ancers whJBuf.
llliAJ ferpain
UrCU and death
from cancer? DR. T. O'CONNOR cures
cancers, tumors, and wens; no knife,
li!nod or r.Iaster. Address 150G O strt
I Lincoln, Nebraska.
! When Sick You Want a Home;
You Need a Hospital
Dr. Shoemaker's Private Hospital
furnishes both. Diseases of women a
specialty. All the latest appliances for
pelvic and abdominal surgery.
1117 L ST., LINCOLN. NEB.
P. O. box 951.
2u T. J. THORP & CO.,
General Machinists.
apairinr of all kinds
Modal-makers, ate.
5U. Rubber Stampi. Stencils, Check Etc.
joS5o. nth SL, Lincoln, Neb.
c
5
t i i - ' ' " ... - . -
Election is passed and no candidates
up. It seems a good time to sow
truth and pull up error. We believe it
would . add Interest and influence " to
any newspapers to present both sides
of current questions. The Atlanta Con
stitution never flourishes better than
when the two brother editors took op
posite sides on the prohibitory amend
ment question. There are great
wrongs attached to our system of gov
ernment. Our motto should be, stand
up for justice and condemn wrong
even in Nebraska and in our own par
ty. The tendency is to cover up the
wrong our own party commits or else
to sanction and justify them even to
the stultification of our own , judg--ment.
We nowhere invite any gold
standard republican to give us eight or
ten hundred words in defence of the
present administration on the money
question.. We will be glad to publish
It in this column. Or if any republi
can paper will publish that much
against the way the money question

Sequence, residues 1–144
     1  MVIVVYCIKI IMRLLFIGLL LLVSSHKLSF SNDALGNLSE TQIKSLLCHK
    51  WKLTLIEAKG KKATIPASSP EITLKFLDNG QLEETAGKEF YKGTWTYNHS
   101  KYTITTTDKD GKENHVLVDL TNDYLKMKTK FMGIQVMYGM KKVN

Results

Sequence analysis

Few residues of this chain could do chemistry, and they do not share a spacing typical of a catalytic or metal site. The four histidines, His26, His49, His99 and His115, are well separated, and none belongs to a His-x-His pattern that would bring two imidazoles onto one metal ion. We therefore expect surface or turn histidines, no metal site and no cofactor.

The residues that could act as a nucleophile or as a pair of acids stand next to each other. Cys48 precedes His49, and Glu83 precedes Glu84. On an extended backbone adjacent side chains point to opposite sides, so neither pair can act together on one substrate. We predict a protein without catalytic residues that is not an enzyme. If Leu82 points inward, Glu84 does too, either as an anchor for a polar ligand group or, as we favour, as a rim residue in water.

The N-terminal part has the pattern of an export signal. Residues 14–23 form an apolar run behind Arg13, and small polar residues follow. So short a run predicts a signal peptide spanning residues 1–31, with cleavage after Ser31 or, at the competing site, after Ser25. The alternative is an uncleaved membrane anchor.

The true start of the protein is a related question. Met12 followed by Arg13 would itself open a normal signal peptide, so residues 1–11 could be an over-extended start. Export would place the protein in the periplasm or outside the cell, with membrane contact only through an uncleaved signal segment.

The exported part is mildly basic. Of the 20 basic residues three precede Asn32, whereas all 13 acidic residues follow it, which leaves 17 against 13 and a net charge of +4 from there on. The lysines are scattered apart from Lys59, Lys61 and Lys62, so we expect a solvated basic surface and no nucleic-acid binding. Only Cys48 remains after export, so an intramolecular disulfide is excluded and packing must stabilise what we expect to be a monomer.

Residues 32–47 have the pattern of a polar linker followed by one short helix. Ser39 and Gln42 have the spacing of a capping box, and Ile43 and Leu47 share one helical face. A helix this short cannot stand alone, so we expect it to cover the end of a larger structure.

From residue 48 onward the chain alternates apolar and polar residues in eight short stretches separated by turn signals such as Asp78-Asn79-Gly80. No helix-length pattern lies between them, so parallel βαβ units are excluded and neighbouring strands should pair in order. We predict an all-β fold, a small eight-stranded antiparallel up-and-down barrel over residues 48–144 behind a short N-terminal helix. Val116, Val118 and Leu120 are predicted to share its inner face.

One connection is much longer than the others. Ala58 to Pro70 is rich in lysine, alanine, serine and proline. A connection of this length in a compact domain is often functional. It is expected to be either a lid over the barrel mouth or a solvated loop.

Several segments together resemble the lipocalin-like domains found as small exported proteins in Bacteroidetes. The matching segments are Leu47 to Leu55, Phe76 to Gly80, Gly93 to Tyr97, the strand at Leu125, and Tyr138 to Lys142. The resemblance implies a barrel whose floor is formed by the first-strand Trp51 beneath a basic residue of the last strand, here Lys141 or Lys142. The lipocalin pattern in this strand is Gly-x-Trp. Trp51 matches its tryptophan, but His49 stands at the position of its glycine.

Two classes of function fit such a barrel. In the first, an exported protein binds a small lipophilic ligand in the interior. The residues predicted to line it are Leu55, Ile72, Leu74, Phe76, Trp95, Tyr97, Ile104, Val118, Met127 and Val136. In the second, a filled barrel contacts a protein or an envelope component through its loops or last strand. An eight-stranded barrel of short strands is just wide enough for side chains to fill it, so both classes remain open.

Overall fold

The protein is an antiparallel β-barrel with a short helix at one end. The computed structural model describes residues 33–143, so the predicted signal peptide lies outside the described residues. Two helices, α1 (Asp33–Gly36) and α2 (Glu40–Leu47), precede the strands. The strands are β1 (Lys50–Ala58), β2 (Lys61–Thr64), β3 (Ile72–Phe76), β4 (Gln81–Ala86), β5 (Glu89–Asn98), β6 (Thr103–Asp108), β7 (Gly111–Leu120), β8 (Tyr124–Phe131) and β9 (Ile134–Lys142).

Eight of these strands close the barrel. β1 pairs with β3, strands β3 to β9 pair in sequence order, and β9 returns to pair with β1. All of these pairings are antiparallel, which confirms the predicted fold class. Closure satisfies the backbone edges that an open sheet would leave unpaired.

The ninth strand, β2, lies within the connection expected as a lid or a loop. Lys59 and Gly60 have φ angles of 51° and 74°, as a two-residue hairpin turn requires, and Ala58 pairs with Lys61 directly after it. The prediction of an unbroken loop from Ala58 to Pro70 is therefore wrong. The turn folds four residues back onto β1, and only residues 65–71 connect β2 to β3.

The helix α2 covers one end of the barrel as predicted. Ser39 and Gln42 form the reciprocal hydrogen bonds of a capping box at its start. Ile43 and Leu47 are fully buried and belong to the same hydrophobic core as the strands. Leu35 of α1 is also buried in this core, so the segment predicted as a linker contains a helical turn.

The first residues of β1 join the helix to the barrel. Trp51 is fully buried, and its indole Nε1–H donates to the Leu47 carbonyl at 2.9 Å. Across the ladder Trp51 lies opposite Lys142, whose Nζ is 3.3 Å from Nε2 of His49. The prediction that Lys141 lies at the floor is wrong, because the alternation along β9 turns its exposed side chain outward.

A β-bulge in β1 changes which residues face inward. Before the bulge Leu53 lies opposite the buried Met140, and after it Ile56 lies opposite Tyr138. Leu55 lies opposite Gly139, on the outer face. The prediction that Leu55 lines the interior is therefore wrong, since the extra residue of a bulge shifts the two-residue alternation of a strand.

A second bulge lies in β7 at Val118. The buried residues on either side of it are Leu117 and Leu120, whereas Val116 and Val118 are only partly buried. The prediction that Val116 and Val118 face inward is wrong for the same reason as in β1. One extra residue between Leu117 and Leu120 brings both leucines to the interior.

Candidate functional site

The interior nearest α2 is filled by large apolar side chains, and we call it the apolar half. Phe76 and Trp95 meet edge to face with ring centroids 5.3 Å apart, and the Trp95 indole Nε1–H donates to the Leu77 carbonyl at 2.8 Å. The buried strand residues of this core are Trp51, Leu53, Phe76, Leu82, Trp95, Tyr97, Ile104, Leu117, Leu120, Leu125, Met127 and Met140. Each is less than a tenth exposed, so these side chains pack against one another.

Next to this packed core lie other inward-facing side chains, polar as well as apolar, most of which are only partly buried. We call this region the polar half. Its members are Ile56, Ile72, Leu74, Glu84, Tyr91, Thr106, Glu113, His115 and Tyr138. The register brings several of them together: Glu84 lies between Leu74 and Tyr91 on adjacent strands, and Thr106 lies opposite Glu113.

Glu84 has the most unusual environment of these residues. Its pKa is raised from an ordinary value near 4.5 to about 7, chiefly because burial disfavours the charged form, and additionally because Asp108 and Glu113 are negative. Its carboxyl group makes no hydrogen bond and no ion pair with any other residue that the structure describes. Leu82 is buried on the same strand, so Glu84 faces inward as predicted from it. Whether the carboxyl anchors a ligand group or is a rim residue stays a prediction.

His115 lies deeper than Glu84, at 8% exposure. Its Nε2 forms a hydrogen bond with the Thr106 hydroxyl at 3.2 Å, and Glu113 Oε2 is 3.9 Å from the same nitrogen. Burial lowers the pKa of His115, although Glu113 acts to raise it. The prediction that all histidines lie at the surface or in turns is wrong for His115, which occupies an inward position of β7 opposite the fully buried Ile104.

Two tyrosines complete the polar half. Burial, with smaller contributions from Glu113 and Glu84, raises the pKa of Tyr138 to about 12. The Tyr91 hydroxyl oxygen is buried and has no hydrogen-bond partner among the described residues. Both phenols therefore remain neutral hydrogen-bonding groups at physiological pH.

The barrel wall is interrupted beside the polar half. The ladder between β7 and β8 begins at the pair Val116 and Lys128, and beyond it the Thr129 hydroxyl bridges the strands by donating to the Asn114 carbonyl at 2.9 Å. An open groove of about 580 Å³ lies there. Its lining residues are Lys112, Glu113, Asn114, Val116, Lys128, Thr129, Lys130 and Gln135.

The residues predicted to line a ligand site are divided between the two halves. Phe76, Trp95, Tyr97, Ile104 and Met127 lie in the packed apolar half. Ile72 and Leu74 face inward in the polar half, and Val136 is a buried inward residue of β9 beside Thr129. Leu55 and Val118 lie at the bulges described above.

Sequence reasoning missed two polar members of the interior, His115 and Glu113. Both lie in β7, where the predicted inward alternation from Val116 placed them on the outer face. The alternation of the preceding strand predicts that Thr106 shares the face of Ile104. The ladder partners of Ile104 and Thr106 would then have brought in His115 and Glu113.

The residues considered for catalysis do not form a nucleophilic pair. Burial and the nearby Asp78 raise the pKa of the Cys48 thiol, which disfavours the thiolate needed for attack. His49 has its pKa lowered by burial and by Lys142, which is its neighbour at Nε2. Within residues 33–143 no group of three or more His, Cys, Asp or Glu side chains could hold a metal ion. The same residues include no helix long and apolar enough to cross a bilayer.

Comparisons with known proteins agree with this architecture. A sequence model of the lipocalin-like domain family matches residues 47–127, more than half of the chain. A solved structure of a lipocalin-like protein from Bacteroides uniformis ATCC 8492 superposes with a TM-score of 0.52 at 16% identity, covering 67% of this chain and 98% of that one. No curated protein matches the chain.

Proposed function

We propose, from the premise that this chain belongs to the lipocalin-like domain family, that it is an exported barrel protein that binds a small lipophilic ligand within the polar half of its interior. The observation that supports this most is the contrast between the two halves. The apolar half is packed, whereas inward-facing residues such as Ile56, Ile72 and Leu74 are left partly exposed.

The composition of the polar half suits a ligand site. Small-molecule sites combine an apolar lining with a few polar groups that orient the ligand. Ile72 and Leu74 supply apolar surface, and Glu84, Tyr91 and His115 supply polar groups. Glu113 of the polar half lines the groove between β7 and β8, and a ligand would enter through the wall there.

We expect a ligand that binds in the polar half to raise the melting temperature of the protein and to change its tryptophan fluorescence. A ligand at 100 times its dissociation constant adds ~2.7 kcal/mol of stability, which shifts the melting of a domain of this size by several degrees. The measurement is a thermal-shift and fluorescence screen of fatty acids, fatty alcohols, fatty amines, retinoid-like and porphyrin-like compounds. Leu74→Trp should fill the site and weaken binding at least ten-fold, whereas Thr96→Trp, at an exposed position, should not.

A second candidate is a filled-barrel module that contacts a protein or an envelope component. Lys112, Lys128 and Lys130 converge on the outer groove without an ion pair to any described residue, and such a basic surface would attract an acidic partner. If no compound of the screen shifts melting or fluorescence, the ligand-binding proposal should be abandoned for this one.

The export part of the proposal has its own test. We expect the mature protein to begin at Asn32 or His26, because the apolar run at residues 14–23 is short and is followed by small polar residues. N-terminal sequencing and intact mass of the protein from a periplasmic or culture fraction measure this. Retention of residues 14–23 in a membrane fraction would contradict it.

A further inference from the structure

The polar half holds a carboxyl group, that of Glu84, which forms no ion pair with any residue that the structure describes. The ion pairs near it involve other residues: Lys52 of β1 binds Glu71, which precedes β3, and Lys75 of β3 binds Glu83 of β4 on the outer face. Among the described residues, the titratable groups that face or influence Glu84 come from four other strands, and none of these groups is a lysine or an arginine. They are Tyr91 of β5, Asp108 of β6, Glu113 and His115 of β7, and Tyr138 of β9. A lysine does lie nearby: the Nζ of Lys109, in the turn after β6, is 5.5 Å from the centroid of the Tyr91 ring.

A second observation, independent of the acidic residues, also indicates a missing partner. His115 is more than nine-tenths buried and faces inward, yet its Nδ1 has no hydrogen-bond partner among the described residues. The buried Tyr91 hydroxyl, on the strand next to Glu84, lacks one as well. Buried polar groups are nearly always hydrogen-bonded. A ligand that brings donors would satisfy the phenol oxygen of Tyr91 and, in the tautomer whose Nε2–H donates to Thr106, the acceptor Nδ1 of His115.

has been handled by the republican
party wo will write it, without money
and without price.,
We spent an hour at the state farm
last week. We saw many things to
approve and many to improve. The
object of a farm experiment station Is
to better the methods of farming
through the state. Common farmers
cannot adopt the hot-bed or band-box
system and make it pay. A profit and
not style Is what farmers desire most.
It pays to change climate and soil
with grains, seeds and grasses. To
start with a r.ingle handful of grain
from a distant country would not pay.
The change should be from a more
northern or a more elevated section.
Seeds are so small of weight that dis
tance costs little. The old grasses
seem to hold the prestige yet. AJfalfa
may climb to the top, but not yet.
Every grain, seed or grass that does
crop out should be handed over to
farmers at cost price. Timothy, blue
joint and the clovers are still on top.
Buffalo grass and civilization do not
seem to agree. Just turning over its
old home brings in new grasses much
jnore profitable for either pasture or
meadow. Mutton sheep are the most
profitable in Nebraska, but the band
box method of fattening will not pan
out in profit as well as field feeding
from the hill. They, are the best
grinding and digesting animal in use.
The sheep business on the state farm
should be confined to breeding and
handing out to farmers at cost the
best breeds. The same may be said
of hogs and yet we believe cross
breeds are better than pure blood bred
in and in. Perhaps the farmer can put
up the cross best by buying first one
line and then another. Hogs seem to
have a more deadly enemy than any
other domestic animal, that of chol
era. We would like to se the experi
ment tried that of breed up from the
peccarv. If the disease is the result
of feeding too much dry corn it
would of course do no good. In cattle
we believe the state farm should breed
for milk. We have seer, large dairies
in the east, all the descendants of a